1. For the Core 1 term paper, I considered how digital technologies could be utilized in teaching introductory linguistics courses. I reflected on our readings and discussions of education and learning, and decided that some existing technologies could be used in combination to assist students in analyzing language they use or encounter in their homes and communities. The issue is that most linguistic analyses utilize “cooked data”: clean categorical representations of the real continuous messy data. Cooked data is typically used to do analyses in intro classes because eliciting and cooking the data yourself is difficult and time-consuming. The basic idea I’m considering is creating a cooking suite (called “The Linguists Kitchen”?), where existing speech analysis and transcription tools are brought together in a very user-friendly way. While this will not automate the cooking process, it may at least provide an opportunity for students to try analyzing language that they actually interact with, which may make studying linguistics a more meaningful experience.
2. As an experimental linguist, I often think about the logistics of finding and recruiting participants for experiments. I’ve been thinking about the possibility of creating some sort of database where individuals interested in participating in research can sign up and list (or not list) various traits they possess that experimenters may be interested in (I’m thinking of traits related to language knowledge and usage). While something like this may be extremely useful to researchers, it seems like it would raise a number of ethical issues concerning confidentiality, security of personal information, etc. Perhaps an equally useful alternative would be to create a CUNY-wide database of ongoing research projects in need of participants. Individuals interested in participating in research could then peruse participant selection criteria and contact experimenters if they find a project they’d like to be a part of.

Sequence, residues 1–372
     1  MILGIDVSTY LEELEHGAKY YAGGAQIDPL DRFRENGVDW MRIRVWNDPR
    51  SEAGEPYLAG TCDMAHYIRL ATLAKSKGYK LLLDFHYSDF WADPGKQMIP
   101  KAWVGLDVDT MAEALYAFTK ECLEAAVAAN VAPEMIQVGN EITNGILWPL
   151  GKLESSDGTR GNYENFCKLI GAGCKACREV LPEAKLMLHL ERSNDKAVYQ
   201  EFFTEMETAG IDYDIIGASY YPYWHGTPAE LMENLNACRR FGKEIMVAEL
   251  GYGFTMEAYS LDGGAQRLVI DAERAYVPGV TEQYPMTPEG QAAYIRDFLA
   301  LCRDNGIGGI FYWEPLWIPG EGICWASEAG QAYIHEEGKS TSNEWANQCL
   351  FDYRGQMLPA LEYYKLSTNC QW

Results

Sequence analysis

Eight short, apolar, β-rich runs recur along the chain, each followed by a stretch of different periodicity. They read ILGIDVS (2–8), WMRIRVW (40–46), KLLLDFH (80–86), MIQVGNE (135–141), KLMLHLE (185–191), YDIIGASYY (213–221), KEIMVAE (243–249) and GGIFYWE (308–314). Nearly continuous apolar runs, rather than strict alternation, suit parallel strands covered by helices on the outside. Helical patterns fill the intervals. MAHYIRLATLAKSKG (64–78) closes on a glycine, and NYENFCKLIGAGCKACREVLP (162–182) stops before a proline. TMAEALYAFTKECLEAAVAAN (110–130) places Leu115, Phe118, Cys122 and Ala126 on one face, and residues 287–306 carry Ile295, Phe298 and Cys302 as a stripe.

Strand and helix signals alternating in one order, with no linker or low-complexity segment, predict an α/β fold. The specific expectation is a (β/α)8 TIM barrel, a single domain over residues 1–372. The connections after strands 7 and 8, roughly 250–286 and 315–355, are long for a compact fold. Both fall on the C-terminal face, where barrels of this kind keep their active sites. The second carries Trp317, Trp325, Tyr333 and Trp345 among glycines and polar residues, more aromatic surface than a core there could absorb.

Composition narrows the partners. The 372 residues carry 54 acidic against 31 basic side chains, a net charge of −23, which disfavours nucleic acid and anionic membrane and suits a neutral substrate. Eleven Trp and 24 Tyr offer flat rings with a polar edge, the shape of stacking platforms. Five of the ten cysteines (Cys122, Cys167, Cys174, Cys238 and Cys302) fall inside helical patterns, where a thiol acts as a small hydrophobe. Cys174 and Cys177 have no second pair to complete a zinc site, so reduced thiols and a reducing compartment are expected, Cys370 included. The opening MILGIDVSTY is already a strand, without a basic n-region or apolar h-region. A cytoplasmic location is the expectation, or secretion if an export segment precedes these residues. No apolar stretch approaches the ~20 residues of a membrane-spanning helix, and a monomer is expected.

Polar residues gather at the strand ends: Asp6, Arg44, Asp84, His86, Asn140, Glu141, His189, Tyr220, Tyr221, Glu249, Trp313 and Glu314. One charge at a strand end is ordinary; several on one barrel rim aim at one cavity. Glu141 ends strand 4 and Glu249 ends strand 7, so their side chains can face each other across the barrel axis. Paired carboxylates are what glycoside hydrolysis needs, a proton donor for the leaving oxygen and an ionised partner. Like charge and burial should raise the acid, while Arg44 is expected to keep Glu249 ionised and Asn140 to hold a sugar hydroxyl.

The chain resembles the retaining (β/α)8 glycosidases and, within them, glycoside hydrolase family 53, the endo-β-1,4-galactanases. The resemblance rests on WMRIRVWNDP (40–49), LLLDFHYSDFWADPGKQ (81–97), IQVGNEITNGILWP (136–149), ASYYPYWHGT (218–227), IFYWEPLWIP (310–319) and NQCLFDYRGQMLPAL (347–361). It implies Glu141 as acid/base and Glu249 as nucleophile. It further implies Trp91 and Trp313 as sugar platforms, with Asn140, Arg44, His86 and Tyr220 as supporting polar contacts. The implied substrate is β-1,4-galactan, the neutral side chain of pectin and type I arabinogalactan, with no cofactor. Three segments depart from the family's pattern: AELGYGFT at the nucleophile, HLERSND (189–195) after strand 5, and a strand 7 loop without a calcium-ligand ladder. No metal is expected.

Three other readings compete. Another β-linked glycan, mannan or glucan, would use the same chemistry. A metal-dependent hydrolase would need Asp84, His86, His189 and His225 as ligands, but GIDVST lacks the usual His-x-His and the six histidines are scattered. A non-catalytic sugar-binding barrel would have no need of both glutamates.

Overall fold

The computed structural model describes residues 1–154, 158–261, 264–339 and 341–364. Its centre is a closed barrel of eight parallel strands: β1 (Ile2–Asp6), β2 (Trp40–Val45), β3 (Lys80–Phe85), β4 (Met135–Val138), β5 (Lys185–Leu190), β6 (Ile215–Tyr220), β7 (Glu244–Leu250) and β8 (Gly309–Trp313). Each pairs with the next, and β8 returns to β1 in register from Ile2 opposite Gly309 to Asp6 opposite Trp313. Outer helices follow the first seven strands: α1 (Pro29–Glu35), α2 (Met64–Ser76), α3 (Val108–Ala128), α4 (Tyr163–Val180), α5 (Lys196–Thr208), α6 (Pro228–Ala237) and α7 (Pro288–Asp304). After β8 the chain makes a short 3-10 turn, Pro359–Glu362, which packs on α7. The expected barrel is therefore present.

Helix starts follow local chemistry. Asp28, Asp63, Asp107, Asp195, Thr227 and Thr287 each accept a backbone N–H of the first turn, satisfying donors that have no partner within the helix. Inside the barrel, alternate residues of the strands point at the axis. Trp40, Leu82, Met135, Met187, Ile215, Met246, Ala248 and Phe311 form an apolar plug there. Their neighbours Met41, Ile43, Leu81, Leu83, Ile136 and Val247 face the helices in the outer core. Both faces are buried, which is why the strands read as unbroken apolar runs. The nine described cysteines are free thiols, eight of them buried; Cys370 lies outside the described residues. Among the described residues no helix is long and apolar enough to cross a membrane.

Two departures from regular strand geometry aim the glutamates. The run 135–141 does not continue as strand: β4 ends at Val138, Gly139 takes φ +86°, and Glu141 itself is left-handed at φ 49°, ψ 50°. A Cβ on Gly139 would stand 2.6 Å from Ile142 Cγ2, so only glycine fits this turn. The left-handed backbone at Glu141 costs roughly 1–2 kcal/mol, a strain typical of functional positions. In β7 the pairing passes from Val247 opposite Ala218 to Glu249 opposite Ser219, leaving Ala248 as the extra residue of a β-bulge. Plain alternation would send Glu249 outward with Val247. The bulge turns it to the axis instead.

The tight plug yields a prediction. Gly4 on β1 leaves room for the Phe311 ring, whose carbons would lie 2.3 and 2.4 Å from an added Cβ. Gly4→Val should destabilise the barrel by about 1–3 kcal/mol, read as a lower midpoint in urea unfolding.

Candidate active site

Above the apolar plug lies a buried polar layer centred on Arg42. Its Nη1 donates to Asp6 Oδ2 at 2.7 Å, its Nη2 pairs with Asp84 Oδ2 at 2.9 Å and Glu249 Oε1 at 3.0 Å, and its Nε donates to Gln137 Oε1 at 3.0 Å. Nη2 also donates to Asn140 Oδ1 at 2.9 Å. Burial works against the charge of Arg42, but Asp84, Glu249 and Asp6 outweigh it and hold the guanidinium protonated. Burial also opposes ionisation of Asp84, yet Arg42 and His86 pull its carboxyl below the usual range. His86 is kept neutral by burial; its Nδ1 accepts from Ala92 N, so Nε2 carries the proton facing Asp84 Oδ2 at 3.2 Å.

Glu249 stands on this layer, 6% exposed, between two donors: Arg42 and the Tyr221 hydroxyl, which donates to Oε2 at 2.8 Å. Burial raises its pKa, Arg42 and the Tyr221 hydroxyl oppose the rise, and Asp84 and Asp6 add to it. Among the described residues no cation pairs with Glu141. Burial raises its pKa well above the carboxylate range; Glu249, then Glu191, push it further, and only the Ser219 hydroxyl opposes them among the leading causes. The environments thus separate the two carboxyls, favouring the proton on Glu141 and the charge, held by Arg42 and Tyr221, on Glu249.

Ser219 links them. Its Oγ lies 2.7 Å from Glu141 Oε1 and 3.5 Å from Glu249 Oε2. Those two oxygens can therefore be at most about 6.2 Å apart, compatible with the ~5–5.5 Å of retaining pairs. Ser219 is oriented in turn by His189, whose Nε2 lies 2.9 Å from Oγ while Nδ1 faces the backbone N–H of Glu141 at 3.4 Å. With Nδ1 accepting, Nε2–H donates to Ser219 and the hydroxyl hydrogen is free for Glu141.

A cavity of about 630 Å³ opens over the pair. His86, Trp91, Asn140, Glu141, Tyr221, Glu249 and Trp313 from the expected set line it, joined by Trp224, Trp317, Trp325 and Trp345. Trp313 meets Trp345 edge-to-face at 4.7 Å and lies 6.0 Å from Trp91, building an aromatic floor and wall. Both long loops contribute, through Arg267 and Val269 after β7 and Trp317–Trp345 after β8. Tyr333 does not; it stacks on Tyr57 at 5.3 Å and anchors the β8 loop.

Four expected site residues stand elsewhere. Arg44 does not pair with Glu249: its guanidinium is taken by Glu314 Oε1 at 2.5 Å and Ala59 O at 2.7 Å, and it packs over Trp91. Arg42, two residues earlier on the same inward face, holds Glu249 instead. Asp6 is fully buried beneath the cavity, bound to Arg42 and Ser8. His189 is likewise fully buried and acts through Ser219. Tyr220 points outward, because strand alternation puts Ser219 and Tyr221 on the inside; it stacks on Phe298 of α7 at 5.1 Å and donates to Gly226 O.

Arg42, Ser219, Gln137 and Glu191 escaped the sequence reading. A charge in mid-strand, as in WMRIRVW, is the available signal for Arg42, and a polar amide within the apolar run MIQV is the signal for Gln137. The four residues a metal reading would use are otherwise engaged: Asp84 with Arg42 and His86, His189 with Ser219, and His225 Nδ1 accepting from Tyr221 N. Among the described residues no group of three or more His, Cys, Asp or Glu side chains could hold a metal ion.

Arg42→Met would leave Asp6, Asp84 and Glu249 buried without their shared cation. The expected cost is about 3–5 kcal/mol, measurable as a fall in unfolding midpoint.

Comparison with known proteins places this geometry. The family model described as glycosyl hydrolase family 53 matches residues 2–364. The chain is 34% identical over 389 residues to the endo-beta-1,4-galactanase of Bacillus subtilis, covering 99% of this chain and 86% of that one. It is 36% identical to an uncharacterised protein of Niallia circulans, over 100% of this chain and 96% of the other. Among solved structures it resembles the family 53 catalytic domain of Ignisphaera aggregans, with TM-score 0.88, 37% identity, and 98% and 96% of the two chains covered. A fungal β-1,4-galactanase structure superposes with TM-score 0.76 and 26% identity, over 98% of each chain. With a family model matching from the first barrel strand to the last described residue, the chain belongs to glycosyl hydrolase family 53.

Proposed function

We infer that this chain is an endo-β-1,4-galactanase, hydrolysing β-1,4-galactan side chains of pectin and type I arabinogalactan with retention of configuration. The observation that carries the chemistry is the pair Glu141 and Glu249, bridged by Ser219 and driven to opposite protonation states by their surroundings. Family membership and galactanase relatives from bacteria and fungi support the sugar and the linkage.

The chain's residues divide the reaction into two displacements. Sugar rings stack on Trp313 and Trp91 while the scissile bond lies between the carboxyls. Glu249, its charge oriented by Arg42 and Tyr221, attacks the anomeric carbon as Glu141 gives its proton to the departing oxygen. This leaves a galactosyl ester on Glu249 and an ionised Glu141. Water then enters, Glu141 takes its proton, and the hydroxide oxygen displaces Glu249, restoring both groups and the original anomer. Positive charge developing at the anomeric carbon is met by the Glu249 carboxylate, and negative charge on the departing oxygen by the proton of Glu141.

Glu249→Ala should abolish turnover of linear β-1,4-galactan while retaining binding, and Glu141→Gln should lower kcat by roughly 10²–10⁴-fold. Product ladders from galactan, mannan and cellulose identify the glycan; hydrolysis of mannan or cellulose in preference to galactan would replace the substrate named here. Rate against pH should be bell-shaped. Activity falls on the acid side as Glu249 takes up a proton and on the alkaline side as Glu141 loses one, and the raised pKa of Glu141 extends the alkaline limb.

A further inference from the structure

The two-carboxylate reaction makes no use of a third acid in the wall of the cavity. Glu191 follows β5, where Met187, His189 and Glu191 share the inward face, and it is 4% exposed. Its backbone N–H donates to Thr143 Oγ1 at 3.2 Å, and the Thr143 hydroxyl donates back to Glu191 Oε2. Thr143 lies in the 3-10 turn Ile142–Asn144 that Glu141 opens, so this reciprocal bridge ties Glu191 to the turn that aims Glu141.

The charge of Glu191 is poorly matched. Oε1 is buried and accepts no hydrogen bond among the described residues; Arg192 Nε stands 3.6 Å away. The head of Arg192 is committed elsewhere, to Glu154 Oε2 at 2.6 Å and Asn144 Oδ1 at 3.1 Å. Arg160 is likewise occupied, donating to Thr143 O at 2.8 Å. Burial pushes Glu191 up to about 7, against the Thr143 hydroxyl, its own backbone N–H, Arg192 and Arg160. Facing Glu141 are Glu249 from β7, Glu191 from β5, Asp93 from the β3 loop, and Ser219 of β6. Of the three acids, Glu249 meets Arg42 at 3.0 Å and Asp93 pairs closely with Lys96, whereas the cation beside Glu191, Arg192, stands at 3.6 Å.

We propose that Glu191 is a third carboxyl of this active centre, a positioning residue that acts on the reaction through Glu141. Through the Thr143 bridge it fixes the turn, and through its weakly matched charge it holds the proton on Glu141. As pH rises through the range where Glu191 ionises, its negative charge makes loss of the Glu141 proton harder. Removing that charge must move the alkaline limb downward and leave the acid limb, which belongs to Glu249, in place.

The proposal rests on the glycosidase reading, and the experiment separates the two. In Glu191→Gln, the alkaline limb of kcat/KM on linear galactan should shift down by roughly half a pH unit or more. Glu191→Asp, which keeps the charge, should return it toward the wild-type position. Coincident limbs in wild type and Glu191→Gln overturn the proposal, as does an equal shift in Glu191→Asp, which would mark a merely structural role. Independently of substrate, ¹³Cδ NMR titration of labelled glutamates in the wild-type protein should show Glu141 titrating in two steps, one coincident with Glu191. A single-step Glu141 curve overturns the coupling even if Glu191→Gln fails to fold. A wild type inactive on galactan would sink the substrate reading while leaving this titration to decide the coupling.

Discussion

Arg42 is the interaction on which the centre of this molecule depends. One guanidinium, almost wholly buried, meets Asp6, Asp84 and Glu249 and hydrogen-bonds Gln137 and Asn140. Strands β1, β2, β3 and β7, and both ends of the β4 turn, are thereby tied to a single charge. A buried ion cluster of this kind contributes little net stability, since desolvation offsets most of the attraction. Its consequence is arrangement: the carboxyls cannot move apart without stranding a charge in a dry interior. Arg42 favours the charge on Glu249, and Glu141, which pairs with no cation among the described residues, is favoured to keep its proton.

3. For the past year, I’ve been meeting weekly with a small writing group of fellow linguistics students. We help each other set writing goals, balance our personal work with our many other commitments, and find ways to help each other meet the goals we set out for ourselves. This group has been extremely helpful and, lately, I’ve been wondering if we could be even more useful by actually participating in each other’s writing process. This idea sprouted while I was somewhere in Chapter 2 of Planned Obsolescence and was crushed when I got to Chapter 3 and discovered that CommentPress exists. I’d like to try using CommentPress this semester with my writing group to figure out if there are any modifications we could make to align it more with (or better complement) the nature of our in-person interactions.